‘Halloween’ 2018 is All Treats for Michael Myers Fans [Review]
A new Halloween movie is finally upon us, and it was well worth the nine-year wait, as director David Gordon Green and his co-writers Danny McBride and Jeff Fradley have delivered one of the best horror sequels ever made, in a timely story of unresolved trauma and the return of The Bogeyman.
I’ve watched Halloween 2018 three times as of this writing, and I enjoyed it more with each viewing, and so after a few weeks of thinking about it, it’s time to dive in to my full review. In this case, the following does contain quite a few spoilers, because, honestly, you’ve had almost a month to see the film. (If you’re reading this for my recommendation as to whether you should see the film, just know that I highly recommend you go see it right now. …And then come back here and read the following review).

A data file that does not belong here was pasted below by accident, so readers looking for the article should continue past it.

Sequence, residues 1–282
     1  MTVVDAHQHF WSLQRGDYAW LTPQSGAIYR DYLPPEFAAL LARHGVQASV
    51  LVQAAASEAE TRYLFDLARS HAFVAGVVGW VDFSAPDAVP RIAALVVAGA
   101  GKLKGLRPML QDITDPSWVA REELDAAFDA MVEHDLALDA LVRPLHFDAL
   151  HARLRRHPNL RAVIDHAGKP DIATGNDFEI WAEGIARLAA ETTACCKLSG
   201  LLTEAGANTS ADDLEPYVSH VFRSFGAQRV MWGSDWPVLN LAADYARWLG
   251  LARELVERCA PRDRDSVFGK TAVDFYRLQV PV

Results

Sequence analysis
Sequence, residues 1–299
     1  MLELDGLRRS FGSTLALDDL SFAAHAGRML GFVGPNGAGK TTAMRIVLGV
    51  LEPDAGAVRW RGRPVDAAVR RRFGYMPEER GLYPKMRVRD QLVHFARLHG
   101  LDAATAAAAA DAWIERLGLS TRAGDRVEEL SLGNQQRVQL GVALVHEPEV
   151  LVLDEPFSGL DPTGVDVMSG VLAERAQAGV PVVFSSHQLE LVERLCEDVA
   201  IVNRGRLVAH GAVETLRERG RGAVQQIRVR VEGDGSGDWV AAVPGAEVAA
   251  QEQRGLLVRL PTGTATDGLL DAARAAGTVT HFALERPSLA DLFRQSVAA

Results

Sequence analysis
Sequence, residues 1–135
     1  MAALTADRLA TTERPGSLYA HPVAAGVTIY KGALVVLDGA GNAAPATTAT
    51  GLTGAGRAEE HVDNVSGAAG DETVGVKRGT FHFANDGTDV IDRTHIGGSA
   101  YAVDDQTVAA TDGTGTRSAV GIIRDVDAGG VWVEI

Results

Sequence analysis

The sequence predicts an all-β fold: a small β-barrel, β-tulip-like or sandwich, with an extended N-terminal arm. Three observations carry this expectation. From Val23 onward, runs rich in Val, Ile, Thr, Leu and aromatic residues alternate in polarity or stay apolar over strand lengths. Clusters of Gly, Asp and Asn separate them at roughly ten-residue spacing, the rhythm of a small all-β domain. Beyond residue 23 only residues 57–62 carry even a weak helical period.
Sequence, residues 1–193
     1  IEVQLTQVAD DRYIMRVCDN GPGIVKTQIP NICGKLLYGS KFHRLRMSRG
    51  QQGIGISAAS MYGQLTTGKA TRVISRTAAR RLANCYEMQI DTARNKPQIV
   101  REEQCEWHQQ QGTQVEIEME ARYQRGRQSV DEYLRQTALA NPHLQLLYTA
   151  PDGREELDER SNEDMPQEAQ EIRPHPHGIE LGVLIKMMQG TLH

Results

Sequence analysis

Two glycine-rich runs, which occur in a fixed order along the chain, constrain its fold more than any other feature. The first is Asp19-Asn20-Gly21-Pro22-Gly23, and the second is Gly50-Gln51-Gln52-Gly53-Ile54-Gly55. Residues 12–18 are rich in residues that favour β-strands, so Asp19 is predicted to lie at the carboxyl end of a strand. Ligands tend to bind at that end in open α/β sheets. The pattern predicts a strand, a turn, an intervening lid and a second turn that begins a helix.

Let’s start with the score, the most visceral link between this new film and director/composer John Carpenter’s 1978 original Halloween. Carpenter’s new score for the 2018 film not only brings updated versions of the classic themes we all know and love, but also channels all of the best parts of other classic Carpenter soundtracks. By the time Daniel Davies’ electric guitar first screams in the film, the hairs on the back of my neck stood up.
The first thing we hear over the studio logos is a dark, intensely foreboding intro. The revisited themes are all familiar but now have a new, relentlessly driving urgency, hurtling viewers toward an epic, inevitable climax.